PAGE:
pizza, wine etc etc. A great end to a truly magnificent day.
to Italy, where we have had glorious weather, fabulous scenery and where the
people have been tremendous.By
fluke we get out of Turin without any trouble and turn north towards the Alps
on our way to Colmar in France. The weather continues to be good making the
approaching Alps look even more spectacular as we head for the St Bernard
tunnel with ‘yellow peril’ and ‘turbo boys’.‘Yellow peril’ is struggling up the mountains with the thin air and
their little engine but turbo boys are also struggling firing on only 3
cylinders but we get through the tunnel and art into Switzerland. The boys
decide to get going as far as they can with their misfiring engine which does
eventually clear. Unfortunately just short of Colmar a tie rod become
disconnected and sends them into a motorway armco barrier. The first thing the
police say to them is that they will have to pay for the barriers! They are OK
but the car isn’t so they head for home on the back of a recovery truck.
Meanwhile we have trundled on our way at 75mph without any mishap to Colmar
where we have a very nice meal with wines amply supplied by the local
vineyard. I’m beginning to feel tired now and am looking forward to getting
we cross France with our companion heading for Paris. The first part of the
trip is very pretty with lots of Autumn colours but the journey is long (well
over 300 miles today) and rather boring – the weather is also changing
getting much more like home. We hit the Paris ring road, get it wrong and head
the wrong way – fortunately it’s a lot shorter than the M25. We find our
exit, see the Hotel, but in the time honoured fashion of these hotels in Paris
spend half an hour trying to get to it. Eventually make it and collapse in the
Bar for a drink – 11 Euro’s for two largers, I can’t wait for my £1.90
We decide not to venture very far and with another team try to find food
locally. We seem to have arrived in the Turkish quarter, everywhere you go
there are Keb-bab places but we manage to find one that does a passable.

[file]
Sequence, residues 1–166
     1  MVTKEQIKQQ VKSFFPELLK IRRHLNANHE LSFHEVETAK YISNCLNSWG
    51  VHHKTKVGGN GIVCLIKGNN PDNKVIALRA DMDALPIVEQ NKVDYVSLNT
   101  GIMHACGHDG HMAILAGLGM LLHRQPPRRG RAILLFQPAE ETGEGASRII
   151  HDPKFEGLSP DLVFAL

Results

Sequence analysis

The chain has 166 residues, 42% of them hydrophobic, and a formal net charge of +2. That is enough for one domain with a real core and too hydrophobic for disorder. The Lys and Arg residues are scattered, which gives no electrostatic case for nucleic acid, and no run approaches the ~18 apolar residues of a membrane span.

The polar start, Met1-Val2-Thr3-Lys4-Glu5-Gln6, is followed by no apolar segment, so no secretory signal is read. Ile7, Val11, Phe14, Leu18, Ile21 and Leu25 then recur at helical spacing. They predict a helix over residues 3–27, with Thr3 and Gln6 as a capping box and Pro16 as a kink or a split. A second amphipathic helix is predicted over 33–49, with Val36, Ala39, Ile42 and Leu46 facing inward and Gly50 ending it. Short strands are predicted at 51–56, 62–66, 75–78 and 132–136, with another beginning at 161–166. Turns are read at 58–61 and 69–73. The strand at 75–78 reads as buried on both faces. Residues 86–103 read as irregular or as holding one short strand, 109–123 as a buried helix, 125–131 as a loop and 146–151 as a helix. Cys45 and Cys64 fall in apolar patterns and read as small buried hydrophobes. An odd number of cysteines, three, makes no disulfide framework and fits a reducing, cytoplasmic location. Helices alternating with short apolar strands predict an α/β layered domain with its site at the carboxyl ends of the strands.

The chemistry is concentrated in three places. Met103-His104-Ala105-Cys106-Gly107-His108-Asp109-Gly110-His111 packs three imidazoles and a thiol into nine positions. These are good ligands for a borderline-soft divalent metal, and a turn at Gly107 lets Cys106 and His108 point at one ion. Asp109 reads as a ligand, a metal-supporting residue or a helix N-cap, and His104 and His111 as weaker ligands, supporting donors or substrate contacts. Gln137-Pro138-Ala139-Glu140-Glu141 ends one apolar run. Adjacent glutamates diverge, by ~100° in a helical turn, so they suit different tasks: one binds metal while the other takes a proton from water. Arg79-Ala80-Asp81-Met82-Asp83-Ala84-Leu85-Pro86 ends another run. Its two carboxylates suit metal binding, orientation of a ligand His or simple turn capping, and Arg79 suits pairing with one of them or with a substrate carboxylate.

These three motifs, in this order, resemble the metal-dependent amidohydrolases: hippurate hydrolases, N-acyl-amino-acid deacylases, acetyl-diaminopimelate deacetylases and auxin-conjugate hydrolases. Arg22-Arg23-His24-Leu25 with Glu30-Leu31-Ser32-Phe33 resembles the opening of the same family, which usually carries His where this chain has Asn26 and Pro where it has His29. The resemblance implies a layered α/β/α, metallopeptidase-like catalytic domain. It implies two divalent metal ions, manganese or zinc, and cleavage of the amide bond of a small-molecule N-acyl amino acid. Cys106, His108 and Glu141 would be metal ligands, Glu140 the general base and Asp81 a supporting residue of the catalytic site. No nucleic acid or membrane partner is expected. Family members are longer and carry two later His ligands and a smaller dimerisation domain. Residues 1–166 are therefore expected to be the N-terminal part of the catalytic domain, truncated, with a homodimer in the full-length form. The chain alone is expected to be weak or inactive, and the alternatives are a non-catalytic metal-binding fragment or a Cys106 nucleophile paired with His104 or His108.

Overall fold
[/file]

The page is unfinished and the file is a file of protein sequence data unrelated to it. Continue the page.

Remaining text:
Pizza, retire to a another bar for a couple of drinks and then head back to
the hotel. Stuart is so knackered that he heads for bed and is asleep by
9.15pm – these youngsters don’t have the staying power! We decide to have
another couple of beers but as I’m about to go to bed at 11:00 get caught by
the most boring man on earth talking about security. I finally get away by
12:15 but apparently he was still going at 1:30 so I suppose I was lucky!!
last full day – England here we come! We leave Paris in heavy rain with our
companions in yellow peril plus some others in a mauve convertible –
unfortunately they shed a wiper blade but not to dramatic as the weather
clears up and we have a safe run through to Calais. Everybody arrives on time
although we have lost 6 cars on the way to various maladies. Finally after
nearly 11 days we arrive back in the UK – yellow peril gives up and blows a
manifold gasket as well as shearing a bolt on his starter motor but he does
eventually struggle through to Ashford. We are lead in procession by the
police along the A20 and M20 to the hotel in Ashford through the gathering
gloom and more rain to complete the run. By the time we get home tomorrow we
will have clocked up 2900 miles in a little over 11 days – not bad for a car
that has done less than 1000 in the last two years!
We have the final formal
dinner this evening with some guests including Paddy Hopkirk (Monte Carlo
rally winner in 1964) plus some teams friends and families. Turbo boysturn-up in a Ford Orion and a great evening is had by all. 3:30am to
bed – home tomorrow.
Day 12 Sunday
Time to check out, have a
decent cooked breakfast, exchange phone numbers and addresses with the many
new friends we have gained, buy various bits of IJ clothing and two boxes of
IJ wine. The car is fully loaded – Stuart is resting his feet on the wine
and we head for home and in my caseroast
beef and yorkshire pudding. I own up to my wife about the accident and she’s
glad and didn’t tell her at the time. I decide to watch the Italian Job Film
tonight for a bit of nostalgia but fall asleep in the middle. I must remember
next time to book some holiday afterwards to have a rest. Yes, there will be a
next time after an experience like that I have to go again. 2004 here I come.